Ed. Note: This post by Kaustub Bhati is a part of the TLF Editorial Board Test 2016.
Have you ever seen a Paralympic athlete run and wondered how is he doing that? The answer to that query is assistive technology. Assistive Technology is basically an umbrella term, used for any software or hardware designed to help a user get past the area of their disabilities. It encompasses any device which helps assist, adapt and rehabilitate a disabled person.
Disability is seen as a socially constructed phenomenon that results from barriers that are present in the environment. This view of disability locates it within the environment rather than the person and Well-designed high quality assistive devices, or daily living aids, that support independent living for the handicapped and disabled, seniors, or those with a medical condition or injury should make life easier and safer for the aged and disabled.
Technology is a ubiquitous part of our daily life which makes our daily tasks simpler and the devices that have sprouted from this realm of technology ranges from a simple walking frame to whole exoskeletons for people who cannot support themselves to brain and spinal implants helping quadriplegic people to control robots using just their thoughts. Professor John Donoghue, creator of BrainGate, achieved this feat of sending brain signals to robotic arms to move around. The only problem with this technology is that such implants tend to abrade tissues, cause inflammation and finally rejection of the implant by the host body but this problem is seemed to have been solved by the Swiss Federal Institute of Technology. They have made a flexible implant named ‘e-dura’ which is made from a silicone rubber that has the same elasticity as dura mater, the protective skin that surrounds the spinal cord and brain and has the potential to correct nerve damage. It has successfully gone through animal testing and is up for human test phase. The World Health Organisation organized a key stakeholders meeting in Geneva on 3 and 4 July 2014 and established a global initiative: the Global Cooperation on Assistive Technology (GATE). This is in partnership with stakeholders who represent international organizations, donor agencies, professional organizations, academia, and user groups. The vision of the GATE initiative: A world where everyone in need has high-quality, affordable assistive products to lead a healthy, productive and dignified life. The GATE initiative has only one goal: to improve access to high-quality affordable assistive products globally. In India too, Universities such as IIT Delhi work extensively in this field and have come up with some unique technologies of their own such as, The Refreshable Braille Display, a device that enables people with visually impairment to read digital text through tactile interface, that is, it gives a line-by-line embossed braille script on the display of textual Content in PDF format. Other such inventions sponsored by the government of India are, the SmartCane, a device that uses ultrasonic ranging to detect objects in its path and generates tactile output in the form of different vibratory patterns. These vibrations convey the distance information and thus enable the user to negotiate the obstacles from a safe distance.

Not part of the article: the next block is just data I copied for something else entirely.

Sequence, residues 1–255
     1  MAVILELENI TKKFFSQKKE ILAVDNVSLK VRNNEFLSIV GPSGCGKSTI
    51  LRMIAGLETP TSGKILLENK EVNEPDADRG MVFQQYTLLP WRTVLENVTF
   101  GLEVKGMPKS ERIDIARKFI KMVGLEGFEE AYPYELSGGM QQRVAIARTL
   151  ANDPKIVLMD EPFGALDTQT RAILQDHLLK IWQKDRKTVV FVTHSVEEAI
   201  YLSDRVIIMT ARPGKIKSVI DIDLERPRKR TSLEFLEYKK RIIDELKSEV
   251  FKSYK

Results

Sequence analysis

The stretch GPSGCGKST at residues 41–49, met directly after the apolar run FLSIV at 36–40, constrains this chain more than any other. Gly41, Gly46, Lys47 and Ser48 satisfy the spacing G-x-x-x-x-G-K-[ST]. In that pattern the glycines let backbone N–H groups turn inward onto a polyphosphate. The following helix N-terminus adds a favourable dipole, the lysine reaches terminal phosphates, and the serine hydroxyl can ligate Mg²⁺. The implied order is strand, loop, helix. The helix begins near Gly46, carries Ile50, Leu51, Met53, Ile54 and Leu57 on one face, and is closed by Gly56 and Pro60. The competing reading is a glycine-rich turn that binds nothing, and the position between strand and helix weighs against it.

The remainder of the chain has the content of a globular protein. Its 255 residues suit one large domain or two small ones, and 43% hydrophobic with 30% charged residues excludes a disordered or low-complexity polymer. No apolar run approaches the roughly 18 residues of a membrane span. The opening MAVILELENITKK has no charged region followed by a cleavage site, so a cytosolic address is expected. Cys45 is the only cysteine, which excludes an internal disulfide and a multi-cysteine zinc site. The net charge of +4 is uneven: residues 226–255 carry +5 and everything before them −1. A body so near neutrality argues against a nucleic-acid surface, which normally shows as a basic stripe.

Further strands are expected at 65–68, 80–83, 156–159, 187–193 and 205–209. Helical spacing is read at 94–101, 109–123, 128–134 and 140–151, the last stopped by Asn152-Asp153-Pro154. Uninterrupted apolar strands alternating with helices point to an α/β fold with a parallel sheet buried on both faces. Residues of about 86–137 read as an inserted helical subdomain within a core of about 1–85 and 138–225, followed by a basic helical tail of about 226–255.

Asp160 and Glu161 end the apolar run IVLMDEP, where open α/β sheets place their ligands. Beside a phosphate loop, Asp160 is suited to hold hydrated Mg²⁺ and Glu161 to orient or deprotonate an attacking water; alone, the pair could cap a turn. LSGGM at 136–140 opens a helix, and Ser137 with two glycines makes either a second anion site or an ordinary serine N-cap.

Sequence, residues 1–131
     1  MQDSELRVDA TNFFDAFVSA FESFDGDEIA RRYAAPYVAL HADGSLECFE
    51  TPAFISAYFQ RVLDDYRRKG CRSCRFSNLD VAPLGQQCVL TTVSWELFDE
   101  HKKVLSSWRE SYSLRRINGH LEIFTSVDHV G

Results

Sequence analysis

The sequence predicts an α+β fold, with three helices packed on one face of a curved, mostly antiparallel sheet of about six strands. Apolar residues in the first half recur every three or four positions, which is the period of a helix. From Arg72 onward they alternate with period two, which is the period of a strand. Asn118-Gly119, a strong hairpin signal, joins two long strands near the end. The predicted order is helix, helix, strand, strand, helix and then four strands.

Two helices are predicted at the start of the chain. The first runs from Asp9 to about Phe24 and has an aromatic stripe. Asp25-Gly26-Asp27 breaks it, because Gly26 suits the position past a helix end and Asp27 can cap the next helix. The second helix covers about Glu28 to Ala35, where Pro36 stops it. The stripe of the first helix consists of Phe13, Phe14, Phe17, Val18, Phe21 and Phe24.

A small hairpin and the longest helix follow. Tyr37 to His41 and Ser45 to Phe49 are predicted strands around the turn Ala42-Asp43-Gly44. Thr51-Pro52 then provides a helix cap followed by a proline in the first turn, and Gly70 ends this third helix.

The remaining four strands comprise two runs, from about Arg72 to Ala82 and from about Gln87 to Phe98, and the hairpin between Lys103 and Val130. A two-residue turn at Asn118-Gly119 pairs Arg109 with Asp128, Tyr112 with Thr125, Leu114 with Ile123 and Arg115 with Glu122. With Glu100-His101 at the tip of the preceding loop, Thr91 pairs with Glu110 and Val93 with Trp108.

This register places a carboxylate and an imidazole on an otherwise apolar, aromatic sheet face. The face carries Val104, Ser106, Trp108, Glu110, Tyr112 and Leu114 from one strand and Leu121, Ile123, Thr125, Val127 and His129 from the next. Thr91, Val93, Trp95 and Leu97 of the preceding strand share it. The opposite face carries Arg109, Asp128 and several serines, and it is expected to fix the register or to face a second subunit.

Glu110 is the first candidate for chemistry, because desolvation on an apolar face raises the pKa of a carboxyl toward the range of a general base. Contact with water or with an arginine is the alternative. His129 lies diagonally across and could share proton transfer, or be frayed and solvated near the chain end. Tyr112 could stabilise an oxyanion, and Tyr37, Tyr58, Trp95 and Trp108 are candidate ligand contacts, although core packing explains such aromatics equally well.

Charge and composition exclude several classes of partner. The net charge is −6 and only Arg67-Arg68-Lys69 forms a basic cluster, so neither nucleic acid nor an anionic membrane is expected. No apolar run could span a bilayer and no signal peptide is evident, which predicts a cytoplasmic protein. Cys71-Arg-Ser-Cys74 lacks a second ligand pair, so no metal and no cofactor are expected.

Indian companies such as BarrierBreak, in lieu of world leaders in assistive technologies from Israel such as PresenTense, ParaTrek and Sesame Enable, are the frontrunners in this field. In collaboration with Royal National Institute of Blind People and the W3C Consortium (World Wide Web Consortium) they are paving the way for greater cohesion of technology and social need.
Assistive Technologies promotes greater independence by enabling people to perform tasks that they were formerly unable to accomplish, or had great difficulty accomplishing, by providing enhancements to or changed methods of interacting with the technology needed to accomplish such tasks. This is a very exciting time for new developments in assistive technology. Not only are existing AT programs regularly updated, but new and previously unseen technology is on-route to improve accessibility for persons with disabilities.
By contemporary approximations, more than 4,000 assistive technologies have been designed for the disabled and seniors. These devices include the whole shebang, from wheelchairs to a wide assortment of high-tech tools and many companies today are turning their research and expansion to assistive technologies. It is a turf which should be encouraged by governments worldwide to encourage emerging entrepreneurs and start-ups in actively engaging and inventing new technologies to help the disabled all-around the globe.
 Albert M. Cook, Janice Miller Polgar, Assistive Technologies: Principles and Practice
 Global Cooperation on Assistive Technology (GATE), http://www.who.int/phi/implementation/assistive_technology/phi_gate/en/